The thin line between the real and artificial realms was blurred further the other day when the US-based startup Luma AI introduced a new video generator, Dream Machine, similar to OpenAI’s Sora. Luma AI claims that the new tool is a next-generation video model capable of creating high-quality, realistic shots from prompts in natural language using AI.
“Dream Machine is an AI model that makes high quality, realistic videos fast from text and images,” reads the introductory text on the official website. Dream Machine comes close on the heels of Kuaishou Technology, a Chinese company known for its short-video platform, launching its text-to-video model named Kling. The difference is that unlike Sora and Kling, Dream Machine offers access to the public.
Luma AI describes Dream Machine as a highly scalable and efficient transformer model trained directly on videos which makes it capable of generating physically accurate shots. The company claims that Dream Machine, its first step towards building a universal imagination engine, generates 120 frames in 120 seconds and it can iterate faster. The tool reportedly generates five second shots with smooth motion, cinematography, and drama. Dream Machine can also understand how humans, animals, and objects interact with the physical world allowing it to create videos with great character consistency and accurate physics and helps in experimentation with an endless array of fluid, cinematic, and naturalistic camera motions.
Flashback to November 2022 when the generative AI revolution was ushered in with Open AI’s ChatGPT making its debut, prompting some some startlingly human-like artistic creations – with tools including Suno, an AI-powered song generator. Suno can create lyrics to vocals and instrumentation, from a simple prompt and that too steered towards a precise genre. While the free version of Suno has limitations, a subscription-based plan allows to use the songs commercially, for example on YouTube or even uploading them to Spotify or Apple Music. As Suno’s FAQ section says: “the availability and scope of copyright protection for content generated (in whole or in part) using artificial intelligence is a complex and dynamic area of law, which is rapidly evolving and varies among countries”.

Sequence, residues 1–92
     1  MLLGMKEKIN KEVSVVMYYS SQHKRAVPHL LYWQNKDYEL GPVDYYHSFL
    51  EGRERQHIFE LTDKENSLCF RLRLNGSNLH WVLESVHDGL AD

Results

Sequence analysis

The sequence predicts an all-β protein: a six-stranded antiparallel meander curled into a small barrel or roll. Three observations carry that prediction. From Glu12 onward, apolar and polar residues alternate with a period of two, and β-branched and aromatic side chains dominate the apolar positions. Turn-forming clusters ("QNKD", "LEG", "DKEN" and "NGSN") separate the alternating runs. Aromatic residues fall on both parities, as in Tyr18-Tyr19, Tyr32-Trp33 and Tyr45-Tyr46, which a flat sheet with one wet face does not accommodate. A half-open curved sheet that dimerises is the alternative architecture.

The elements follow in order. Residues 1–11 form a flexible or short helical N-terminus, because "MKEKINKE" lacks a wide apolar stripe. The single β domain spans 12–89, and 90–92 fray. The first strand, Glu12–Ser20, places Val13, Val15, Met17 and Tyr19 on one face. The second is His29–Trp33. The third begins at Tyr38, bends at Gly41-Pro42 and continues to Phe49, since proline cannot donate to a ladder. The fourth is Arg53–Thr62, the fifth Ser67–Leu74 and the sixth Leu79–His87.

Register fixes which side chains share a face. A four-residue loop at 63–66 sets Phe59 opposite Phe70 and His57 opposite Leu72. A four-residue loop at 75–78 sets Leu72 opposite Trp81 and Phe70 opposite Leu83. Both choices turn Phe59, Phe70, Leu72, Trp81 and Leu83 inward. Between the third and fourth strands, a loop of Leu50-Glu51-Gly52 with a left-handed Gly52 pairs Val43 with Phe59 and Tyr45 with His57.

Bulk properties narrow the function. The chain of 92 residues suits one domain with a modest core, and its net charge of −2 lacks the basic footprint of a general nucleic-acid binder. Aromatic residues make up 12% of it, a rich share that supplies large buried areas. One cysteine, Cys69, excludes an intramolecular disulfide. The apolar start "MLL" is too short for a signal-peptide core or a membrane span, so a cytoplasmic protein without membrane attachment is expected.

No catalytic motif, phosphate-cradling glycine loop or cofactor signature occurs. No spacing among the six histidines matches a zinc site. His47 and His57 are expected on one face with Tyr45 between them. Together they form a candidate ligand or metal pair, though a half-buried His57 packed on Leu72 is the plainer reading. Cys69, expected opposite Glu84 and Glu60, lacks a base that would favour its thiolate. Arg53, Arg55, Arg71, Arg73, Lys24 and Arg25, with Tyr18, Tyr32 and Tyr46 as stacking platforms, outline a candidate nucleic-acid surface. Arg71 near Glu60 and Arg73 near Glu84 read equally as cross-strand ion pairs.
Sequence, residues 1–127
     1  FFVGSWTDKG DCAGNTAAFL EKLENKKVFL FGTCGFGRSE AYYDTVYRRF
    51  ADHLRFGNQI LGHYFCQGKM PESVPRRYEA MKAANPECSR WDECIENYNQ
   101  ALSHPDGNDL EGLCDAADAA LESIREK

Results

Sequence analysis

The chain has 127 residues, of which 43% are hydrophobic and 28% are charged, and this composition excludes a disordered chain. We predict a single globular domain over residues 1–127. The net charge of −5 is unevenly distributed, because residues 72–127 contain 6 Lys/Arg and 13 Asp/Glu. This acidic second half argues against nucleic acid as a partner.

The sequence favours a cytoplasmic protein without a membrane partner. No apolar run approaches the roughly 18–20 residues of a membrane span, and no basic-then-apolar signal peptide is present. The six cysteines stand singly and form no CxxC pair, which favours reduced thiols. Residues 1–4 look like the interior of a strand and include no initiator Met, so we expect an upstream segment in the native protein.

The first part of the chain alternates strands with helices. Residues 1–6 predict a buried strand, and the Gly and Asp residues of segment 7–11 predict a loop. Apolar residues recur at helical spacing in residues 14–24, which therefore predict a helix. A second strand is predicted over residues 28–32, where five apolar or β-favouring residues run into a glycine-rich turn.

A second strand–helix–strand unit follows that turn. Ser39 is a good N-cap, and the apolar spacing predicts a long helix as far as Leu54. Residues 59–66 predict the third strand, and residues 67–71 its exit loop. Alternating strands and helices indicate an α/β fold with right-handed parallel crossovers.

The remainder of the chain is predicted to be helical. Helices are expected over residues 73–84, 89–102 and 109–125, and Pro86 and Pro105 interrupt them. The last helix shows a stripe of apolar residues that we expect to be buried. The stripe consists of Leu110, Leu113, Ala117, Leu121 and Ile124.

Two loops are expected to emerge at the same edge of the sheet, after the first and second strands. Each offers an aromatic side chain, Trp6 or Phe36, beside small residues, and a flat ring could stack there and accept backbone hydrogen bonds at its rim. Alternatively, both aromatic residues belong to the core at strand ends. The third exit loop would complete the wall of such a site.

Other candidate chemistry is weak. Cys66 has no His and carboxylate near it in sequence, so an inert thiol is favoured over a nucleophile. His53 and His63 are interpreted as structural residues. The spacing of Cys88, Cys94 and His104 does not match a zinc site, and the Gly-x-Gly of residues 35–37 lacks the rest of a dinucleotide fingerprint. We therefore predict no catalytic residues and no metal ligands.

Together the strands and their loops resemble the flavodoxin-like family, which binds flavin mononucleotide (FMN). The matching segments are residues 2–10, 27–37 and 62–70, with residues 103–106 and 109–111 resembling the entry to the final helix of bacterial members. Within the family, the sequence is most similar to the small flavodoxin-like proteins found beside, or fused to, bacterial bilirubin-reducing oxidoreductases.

With tools like Dream Machine and Suno, video and audio content generation is entering the next level, with immense commercial potential and the possibility of drastically reducing the time and cost associated with production. However, the industry will need to address the ethical and legal challenges surrounding the use of training data and the potential for misuse in creating deepfakes or spreading misinformation. Despite these concerns, the allure of sophisticated, near-instant video and audio generation is likely to attract many creators and companies looking to push the boundaries of what’s possible with AI-powered tools.
As the technology continues to mature, it will be crucial for the companies concerned to strike a balance between innovation, accessibility and responsibility. There’s also a wider debate around AI-generated content looming in the background. The New York Times is suing OpenAI and Microsoft because it claims ChatGPT was trained on millions of its articles without its permission. Is training an AI model on someone else’s content infringing on its copyright? That’s the big unanswered question.
The viral ‘Heart on my sleeve’ in May 2023, which was supposedly made by Drake and The Weeknd and racked up more than 11mn views on various platforms, before it was revealed that it’d been made using AI by a user called Ghostwriter977. This resulted in a take-down notice from the artists’ record label, Universal Music Group, and a copyright debate that’s still rumbling on. But attempting to crack down on AI-generated music and video may pose a unique challenge. The legal landscape for AI work remains unclear, the tools to create it are widely accessible and social media makes it easier than ever to distribute it.